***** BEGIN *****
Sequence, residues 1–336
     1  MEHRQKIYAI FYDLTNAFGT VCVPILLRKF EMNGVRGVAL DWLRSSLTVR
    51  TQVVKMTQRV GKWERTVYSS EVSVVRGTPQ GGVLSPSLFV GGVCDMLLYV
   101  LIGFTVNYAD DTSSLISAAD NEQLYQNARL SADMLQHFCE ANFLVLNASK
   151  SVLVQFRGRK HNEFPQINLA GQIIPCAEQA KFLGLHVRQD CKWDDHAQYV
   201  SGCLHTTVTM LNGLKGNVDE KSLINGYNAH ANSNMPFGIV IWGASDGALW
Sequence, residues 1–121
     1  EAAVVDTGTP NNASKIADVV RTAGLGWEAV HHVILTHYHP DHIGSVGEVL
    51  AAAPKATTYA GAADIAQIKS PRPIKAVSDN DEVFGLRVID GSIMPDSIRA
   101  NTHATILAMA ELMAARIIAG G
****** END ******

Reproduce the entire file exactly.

Sequence, residues 1–336
     1  MEHRQKIYAI FYDLTNAFGT VCVPILLRKF EMNGVRGVAL DWLRSSLTVR
    51  TQVVKMTQRV GKWERTVYSS EVSVVRGTPQ GGVLSPSLFV GGVCDMLLYV
   101  LIGFTVNYAD DTSSLISAAD NEQLYQNARL SADMLQHFCE ANFLVLNASK
   151  SVLVQFRGRK HNEFPQINLA GQIIPCAEQA KFLGLHVRQD CKWDDHAQYV
   201  SGCLHTTVTM LNGLKGNVDE KSLINGYNAH ANSNMPFGIV IWGASDGALW
Sequence, residues 1–121
     1  EAAVVDTGTP NNASKIADVV RTAGLGWEAV HHVILTHYHP DHIGSVGEVL
    51  AAAPKATTYA GAADIAQIKS PRPIKAVSDN DEVFGLRVID GSIMPDSIRA
   101  NTHATILAMA ELMAARIIAG G